Harper’s Notes (3/11)

The Harper Review’s weekly newsletter: SpaceX, the Second Amendment, shoulder pads, and more.

The editors

March 11, 2024

Saint Laurent’s Day: The best newsletter in men’s fashion, Show Notes, is delivered weekly by GQ fashion critic and sometimes-paramour of Ella Emhoff, Samuel Hine. This week Hine took a dive into Saint Laurent’s Fall/Winter 2024 menswear collection, which closed out Paris Fashion Week last Tuesday. A beautiful collection of oversized and often double-breasted suits, evoking the infamous personal style of Yves Saint Laurent himself, was a kind of “cosplay” that “didn’t feel at all dated,” Hine writes. As the show progressed, Saint Laurent’s creative director Anthony Vaccarello traded out heavy flannels and traditional canvassed construction for silk crêpe and airy flou structure, sending a suite of jewel-toned, shoulder-padded suits down the runway. Hine writes that by combining a classically masculine silhouette with the tailoring techniques of a dressmaker, Vaccarello has presented one of the most compelling recent visions of menswear’s possible future.

Federalists and unionists: When attorneys for SpaceX filed a lawsuit against the National Labor Relations Board (NLRB) at the start of this year, they cited James Madison’s Federalist No. 47 as evidence of the Board’s “tyranny.” Tyranny, Madison and the SpaceX attorneys claimed, is defined by the concentration of legislative, executive, and judicial powers in a single body. The NLRB, which receives and arbitrates disputes between American labor and business, hardly meets such a characterization, columnist Ben Burgis argues in Compact. The NLRB, Burgis makes clear, is granted its limited arbitration powers by the legislative branch; has its members appointed by the supreme executive; and is still liable, as SpaceX demonstrates by filing a lawsuit, to judicial review. The real tyranny, Burgis writes, is American megacorporations pilfering the Founding Fathers for a convenient soundbite and using their economic and legal might to crush the regrowth of American organized labor.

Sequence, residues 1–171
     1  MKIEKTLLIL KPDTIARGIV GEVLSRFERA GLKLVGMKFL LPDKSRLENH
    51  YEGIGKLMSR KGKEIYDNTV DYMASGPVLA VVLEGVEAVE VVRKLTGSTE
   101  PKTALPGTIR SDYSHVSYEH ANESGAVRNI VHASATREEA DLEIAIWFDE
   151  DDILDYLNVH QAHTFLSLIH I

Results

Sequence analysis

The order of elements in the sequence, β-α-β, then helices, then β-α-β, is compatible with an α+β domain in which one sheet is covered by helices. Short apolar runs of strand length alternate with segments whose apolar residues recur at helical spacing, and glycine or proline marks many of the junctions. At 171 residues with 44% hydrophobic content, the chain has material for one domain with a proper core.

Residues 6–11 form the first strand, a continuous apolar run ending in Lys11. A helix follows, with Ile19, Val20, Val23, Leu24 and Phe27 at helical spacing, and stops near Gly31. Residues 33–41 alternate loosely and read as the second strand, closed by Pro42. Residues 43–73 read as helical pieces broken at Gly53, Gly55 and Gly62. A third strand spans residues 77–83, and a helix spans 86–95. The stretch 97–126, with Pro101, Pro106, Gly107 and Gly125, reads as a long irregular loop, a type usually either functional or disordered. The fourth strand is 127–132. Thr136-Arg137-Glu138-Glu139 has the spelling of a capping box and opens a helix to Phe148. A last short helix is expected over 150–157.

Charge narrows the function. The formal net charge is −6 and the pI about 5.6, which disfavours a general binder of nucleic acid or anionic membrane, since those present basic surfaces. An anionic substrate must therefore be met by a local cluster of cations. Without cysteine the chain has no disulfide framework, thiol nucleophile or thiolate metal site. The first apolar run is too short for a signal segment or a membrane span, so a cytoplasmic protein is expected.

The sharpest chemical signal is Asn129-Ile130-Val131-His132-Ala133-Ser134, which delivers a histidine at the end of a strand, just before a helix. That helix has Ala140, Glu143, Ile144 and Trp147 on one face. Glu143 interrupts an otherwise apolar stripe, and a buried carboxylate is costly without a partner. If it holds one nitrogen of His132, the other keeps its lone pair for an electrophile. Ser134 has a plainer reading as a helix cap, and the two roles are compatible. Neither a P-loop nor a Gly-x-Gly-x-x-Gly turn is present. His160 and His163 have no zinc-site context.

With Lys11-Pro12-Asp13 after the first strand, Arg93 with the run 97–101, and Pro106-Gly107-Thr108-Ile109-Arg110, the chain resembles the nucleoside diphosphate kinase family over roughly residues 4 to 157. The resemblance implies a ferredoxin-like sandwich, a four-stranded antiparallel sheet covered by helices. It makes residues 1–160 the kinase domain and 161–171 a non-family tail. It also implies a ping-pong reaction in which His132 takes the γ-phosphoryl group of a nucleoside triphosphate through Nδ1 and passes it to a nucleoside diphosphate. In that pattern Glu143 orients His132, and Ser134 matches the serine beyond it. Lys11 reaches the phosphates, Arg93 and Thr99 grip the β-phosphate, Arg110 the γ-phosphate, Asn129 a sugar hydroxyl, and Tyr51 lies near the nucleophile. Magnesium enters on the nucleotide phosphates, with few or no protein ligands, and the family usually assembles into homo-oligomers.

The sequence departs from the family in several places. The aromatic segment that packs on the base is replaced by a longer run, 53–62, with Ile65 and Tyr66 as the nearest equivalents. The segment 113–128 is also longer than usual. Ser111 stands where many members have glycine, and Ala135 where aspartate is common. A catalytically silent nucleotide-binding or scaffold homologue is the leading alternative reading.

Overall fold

Gun-crazy: In American jurisprudence, few legal disputes are as vexing as the ongoing debate over the meaning of the Second Amendment. Was the Second Amendment intended merely to curtail the federal government’s ability to regulate firearm ownership, or does it also limit the regulatory power of the states? Is the right to bear arms a moral urgency or an artifact of a bygone way of life? In their new book, To Trust the People with Arms: The Supreme Court and the Second Amendment, George Washington University law professor Robert J. Cottrol and Samford University law professor Brannon P. Denning analyze the different ways in which the Supreme Court has interpreted the Second Amendment over the years. In doing so, Cottrol and Denning trace how these interpretations have shaped American jurisprudence, history, and culture.

Inequality, then and now: In his new book Visions of Inequality: From the French Revolution to the End of the Cold War, Branko Milanovic imagines how six of the most influential economists in history would answer the following question: “How do you see income distribution in your time, and how and why do you expect it to change?” Milanovic, a professor of economics at the City University of New York, examines the works of François Quesnay, Adam Smith, David Ricardo, Karl Marx, Vilfredo Pareto, and Simon Kuznets to determine not only how each author viewed economic inequality but how thinking about class and inequality evolved over time and varied among societies. Visions of Inequality, published by Harvard University Press, demonstrates that “inequality” is not a general concept. Rather, Milanovic argues, any understanding of it is inextricably linked to a particular time and place.